“In the fields where we run it, we’re leaving the stubble 20 to 30 inches tall,” he said. “With that we were able to capture 1.2 to 1.7 more inches of moisture in snow catch and reduced evaporation last year. When you figure that for the following crop, that converts to 6 to 9 more bushel per acre.”

He added his yields have increased on the fields harvested by the stripper header.

“We’re really happy with it,” Squires said.

He has also found the stripper header works great on his peas.

“There are about 10 crops this thing will work on. It will cut camelina, canola, peas, etc., and all the small grains so you can use it on different crops on your farm,” Squires said.

Another advantage is that the stripper header will fit almost any combine made with different adaptor plates.

Squires has found that the header works “wonderfully” in fields hit by the wheat stem sawfly.

“We had  50 per cent sawfly pressure in a few fields. The wheat was on the ground and tipped over but we were picking it up at 5 mph and still leaving stubble behind. With a straight cut header you’re running right on the ground trying not to hit rocks and there is no stubble left. This is a great sawfly tool.”

Squires explained that because it rotates in opposite directions it actually hooks the stalk and  heads, and sweeps it up.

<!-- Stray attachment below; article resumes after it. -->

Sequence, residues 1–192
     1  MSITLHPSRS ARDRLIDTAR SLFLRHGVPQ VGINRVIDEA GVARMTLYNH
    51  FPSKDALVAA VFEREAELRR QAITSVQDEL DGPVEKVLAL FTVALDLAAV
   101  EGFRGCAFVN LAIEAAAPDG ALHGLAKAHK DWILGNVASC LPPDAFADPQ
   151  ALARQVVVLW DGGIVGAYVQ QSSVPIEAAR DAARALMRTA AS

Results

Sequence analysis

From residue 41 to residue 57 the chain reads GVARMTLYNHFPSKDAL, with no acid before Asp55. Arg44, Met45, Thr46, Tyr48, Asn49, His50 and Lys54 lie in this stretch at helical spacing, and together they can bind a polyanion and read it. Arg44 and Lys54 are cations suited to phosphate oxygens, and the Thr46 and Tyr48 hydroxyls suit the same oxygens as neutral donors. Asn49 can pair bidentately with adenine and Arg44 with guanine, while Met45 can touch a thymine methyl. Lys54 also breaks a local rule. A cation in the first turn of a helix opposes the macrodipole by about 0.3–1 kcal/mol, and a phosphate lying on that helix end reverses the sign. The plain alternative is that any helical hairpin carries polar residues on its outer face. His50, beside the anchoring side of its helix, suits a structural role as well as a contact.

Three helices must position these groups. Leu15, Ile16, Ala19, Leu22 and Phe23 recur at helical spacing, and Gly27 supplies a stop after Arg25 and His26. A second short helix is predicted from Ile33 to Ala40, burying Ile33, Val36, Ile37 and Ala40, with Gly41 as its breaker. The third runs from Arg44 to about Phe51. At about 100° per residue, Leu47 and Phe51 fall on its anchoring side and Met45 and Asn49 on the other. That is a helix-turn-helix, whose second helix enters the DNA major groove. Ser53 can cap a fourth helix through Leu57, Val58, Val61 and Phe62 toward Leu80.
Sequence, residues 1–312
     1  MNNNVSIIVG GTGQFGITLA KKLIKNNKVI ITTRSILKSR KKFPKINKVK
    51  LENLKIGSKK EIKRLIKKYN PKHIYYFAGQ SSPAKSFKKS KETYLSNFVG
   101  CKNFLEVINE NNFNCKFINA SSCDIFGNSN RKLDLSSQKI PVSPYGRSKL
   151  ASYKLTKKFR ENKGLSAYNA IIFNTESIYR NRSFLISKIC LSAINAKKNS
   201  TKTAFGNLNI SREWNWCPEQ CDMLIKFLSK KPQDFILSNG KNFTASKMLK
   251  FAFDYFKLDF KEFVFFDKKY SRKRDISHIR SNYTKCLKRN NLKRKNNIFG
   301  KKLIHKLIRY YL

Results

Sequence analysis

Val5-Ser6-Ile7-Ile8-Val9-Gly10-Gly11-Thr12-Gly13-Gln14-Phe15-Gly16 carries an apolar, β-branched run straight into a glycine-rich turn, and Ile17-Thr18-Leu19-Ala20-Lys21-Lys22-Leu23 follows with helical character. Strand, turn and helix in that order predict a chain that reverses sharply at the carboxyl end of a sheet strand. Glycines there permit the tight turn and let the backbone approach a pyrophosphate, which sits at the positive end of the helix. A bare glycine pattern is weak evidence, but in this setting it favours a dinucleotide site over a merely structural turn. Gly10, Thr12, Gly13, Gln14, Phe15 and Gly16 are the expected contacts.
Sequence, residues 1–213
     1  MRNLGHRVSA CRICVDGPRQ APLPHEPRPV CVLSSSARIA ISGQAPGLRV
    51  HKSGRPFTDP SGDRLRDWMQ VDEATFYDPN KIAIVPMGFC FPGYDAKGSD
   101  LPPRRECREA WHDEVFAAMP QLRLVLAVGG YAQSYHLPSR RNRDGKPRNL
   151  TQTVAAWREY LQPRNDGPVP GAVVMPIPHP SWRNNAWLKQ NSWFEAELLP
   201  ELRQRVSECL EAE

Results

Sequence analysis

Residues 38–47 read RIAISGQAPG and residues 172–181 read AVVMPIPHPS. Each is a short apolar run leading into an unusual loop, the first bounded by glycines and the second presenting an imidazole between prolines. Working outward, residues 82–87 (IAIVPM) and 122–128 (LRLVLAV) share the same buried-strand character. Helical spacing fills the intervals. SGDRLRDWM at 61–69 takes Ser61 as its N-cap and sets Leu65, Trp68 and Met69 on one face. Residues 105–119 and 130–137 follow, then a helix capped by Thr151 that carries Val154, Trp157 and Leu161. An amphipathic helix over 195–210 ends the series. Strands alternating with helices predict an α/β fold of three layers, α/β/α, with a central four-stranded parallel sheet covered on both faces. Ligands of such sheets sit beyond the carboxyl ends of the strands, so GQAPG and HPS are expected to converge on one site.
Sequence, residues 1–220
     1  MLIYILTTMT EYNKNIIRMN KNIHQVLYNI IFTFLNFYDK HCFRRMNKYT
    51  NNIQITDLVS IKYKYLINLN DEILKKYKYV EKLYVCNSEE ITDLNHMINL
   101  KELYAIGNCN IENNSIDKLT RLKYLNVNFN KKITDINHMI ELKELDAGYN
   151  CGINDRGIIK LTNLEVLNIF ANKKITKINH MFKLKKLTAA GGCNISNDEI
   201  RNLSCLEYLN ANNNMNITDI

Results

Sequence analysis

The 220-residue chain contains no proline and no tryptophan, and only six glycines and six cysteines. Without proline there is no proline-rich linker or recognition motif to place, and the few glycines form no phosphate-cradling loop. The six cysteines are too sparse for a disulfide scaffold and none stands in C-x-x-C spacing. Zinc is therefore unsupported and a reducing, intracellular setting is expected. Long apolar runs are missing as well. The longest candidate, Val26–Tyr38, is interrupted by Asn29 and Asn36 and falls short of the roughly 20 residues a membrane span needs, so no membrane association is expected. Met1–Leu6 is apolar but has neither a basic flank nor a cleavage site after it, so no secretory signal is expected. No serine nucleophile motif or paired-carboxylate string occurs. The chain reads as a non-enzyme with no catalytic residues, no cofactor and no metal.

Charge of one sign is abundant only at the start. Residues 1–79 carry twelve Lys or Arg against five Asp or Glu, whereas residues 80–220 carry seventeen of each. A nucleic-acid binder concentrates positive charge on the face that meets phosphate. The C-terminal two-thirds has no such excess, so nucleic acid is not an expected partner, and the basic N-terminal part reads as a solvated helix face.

“Nothing gets 100 per cent of the sawfly wheat up, but as of now, I’m happier with this header than I was with swathers, pickup guards or pick up reels. With your pickup guards your down to 1 or 2 mph. Swathing is a two-time operation. This stripper header puts it back to a one-time operation. As with any piece of equipment there is a learning curve to running one and if not properly set you will hate it.” 

The taller stubble also attracts sawfly predators. Sawflies live down in the stubble and predators are attracted to taller stubble.

“Research is starting to encourage leaving taller stalks to attract more predator insects and give them a host place to live,” Squires said.

The stripper header is not just for sawfly damage – it also works well on lodged or hailed-out wheat.

Squires also said a few years ago, in Kansas, they had a lot of hail damage and everyone was scrambling to buy stripper headers to pick their crop back up.

“I researched this for five years to make sure I was getting something that would work and it does. I love this stripper header – the efficiency and speed – and the big thing is the retained moisture for the following year. I’m just tickled with what this thing is doing,” he said.

Squires added, “The downside of this is possibly more truck support at harvest because of more harvest bushels per hour. There is also going to be seeding issues with the taller stubble retained, but with inner row seeding coming into the picture, which I have been doing for five years now, and the next generation air seeders coming into play, this is all achievable.”

Research keeps saying the taller the stubble the higher the grain yields and this is what we are experiencing also,” he concluded.